March 26, 2023 3:08 pm

Final October, the pioneering life-sciences journal eLife introduced bold adjustments to its editorial practice — which some researchers applauded as reimagining the goal of a scientific journal. From 31 January this year, eLife mentioned, it would publish each paper it sent out for peer critique: authors would by no means once more get a rejection immediately after a damaging critique. Alternatively, reviewers’ reports would be published alongside the paper, with each other with a brief editorial assessment of the work’s significance and rigour. Authors could then determine whether or not to revise their paper to address any comments.

The modify followed an earlier choice by eLife to call for that all submissions be posted as preprints on the web. The cumulative impact was to turn eLife into a producer of public testimonials and assessments about on the web study. It was “relinquishing the regular journal function of gatekeeper”, editor-in-chief Michael Eisen explained in a press release, and “promoting the evaluation of scientists primarily based on what, rather than exactly where, they publish”.

Michael Eisen, eLife’s editor-in-chief.Credit: HHMI

The transformation sparked enthusiastic praise — and sharp criticism. Some scientists saw it as a lengthy-overdue move to empower authors. Other folks, which includes some of eLife’s academic editors (who are largely senior researchers), weren’t so pleased. They worried it would diminish the prestige of a brand they’d worked really hard to create, and some wrote privately to Eisen (in letters observed by Nature) to say they would resign if the program was totally implemented. Amid the pushback, the journal postponed switching totally to its new approach.

But the dispute only heightened. On 9 March, 29 eLife editors — which includes the journal’s former editor-in-chief, Randy Schekman — wrote to Damian Pattinson, executive director of the journal’s non-profit publisher, eLife Sciences Publications in Cambridge, UK, asking that Eisen be replaced “immediately”. They added that they had no self-confidence in Eisen’s leadership, mainly because he had dismissed their issues and had not regarded compromise positions. 1 of the journal’s 5 deputy editors had currently stepped down from that leadership position, and “significant numbers” of reviewers and senior editors had been “standing prepared to resign”, they wrote.

Eisen, a Howard Hughes Healthcare Institute (HHMI) investigator who operates at the University of California, Berkeley, fired back publicly on the web, tweeting on 12 March that academics had been “lobbying really hard to get me fired”. He later deleted the tweet, but told Nature in an interview that “opposition to eLife’s model is driven fundamentally by effective scientists not wanting to modify a program that has benefited them and which they have sculpted to continue to reward them”. In response, Schekman and other authors stated that Eisen’s comments had been “not correct and do not reflect our genuine issues with the new model at eLife”.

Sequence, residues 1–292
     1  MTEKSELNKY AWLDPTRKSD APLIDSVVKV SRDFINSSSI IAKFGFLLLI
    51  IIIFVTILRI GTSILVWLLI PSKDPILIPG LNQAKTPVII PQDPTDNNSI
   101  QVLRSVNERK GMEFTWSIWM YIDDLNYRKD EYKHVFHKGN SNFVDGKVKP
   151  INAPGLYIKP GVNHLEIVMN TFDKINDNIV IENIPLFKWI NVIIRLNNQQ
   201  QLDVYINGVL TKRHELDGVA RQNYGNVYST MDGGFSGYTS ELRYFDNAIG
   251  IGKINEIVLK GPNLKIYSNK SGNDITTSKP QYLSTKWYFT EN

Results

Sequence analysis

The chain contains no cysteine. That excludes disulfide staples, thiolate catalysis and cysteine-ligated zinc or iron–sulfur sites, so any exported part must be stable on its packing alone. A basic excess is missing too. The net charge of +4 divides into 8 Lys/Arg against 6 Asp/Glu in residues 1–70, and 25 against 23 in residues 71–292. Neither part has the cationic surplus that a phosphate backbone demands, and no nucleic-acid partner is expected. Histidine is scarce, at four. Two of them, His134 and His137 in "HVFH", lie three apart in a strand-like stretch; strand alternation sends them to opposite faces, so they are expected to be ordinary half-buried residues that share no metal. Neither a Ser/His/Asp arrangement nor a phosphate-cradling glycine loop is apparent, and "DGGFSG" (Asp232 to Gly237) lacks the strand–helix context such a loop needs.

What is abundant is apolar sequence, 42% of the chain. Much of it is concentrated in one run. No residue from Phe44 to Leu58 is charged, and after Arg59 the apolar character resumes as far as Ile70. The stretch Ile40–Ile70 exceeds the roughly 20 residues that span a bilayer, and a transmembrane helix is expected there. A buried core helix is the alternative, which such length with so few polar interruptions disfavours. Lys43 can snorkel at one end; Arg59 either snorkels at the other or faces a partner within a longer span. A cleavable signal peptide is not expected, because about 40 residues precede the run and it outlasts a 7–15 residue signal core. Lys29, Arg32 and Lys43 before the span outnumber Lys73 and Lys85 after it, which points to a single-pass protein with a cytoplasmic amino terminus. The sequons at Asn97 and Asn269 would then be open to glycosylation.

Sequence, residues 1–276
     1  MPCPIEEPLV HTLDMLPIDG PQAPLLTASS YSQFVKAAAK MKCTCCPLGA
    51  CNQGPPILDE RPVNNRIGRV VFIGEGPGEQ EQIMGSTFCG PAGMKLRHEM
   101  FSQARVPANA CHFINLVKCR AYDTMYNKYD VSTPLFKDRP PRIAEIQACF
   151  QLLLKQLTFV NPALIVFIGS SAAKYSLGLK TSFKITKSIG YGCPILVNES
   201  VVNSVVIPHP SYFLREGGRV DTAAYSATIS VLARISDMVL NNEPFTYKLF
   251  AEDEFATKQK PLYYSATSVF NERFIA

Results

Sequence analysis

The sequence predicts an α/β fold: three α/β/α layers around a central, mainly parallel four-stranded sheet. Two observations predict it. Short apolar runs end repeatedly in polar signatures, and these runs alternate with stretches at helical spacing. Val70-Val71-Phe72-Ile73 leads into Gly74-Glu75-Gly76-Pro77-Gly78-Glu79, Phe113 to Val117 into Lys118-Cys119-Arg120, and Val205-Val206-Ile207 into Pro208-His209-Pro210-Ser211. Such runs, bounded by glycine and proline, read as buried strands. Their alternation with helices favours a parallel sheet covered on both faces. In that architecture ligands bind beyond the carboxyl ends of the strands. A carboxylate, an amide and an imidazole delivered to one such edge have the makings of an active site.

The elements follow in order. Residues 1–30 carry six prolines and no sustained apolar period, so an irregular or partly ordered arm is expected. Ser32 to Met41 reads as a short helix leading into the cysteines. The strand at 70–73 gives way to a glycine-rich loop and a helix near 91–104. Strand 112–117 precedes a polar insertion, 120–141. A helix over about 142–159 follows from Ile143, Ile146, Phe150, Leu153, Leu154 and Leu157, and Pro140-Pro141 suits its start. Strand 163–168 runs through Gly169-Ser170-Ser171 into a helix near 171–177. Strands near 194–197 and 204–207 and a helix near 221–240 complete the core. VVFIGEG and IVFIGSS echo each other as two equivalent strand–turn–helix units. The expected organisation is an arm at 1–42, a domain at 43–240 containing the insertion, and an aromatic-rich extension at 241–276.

Eisen says he thinks the dissent is little in scale. He and Pattinson say they did not dismiss issues, but consulted on adjustments more than two years with editors. “We see major swathes of enthusiasm amongst the neighborhood,” Pattinson adds.

The row highlights disagreements amongst researchers about the function of journals and peer critique — and, potentially, about the future of science publishing. Some eLife editors argue that journals really should use critique to guide filtering and rejection of papers. But supporters of eLife’s adjustments see advantage in stopping peer critique from serving as a prestige-gathering function, in which, by rejecting most of the manuscripts submitted to them, selective journals grow to be perceived as arbiters of what function matters. “We rely also a great deal on journal titles in judging people’s function,” Eisen says. “If we want to repair a terrible program, we do have to break some eggs.”

What is a journal’s goal?

When eLife was launched in 2012 with the monetary backing of 3 effective science funders — the Maryland-primarily based HHMI, the UK Wellcome Trust and Germany’s Max Planck Society — it had the aim of getting a non-industrial and academic-edited journal that would rival prestigious titles such as Cell, Nature and Science. Apart from getting open access, an additional of its crucial innovations was a collaborative program of peer critique, exactly where referees and a handling editor go over comments with each other. The journal attracted dozens of operating scientists as editors who triage submissions, with hundreds much more scientists as reviewing editors.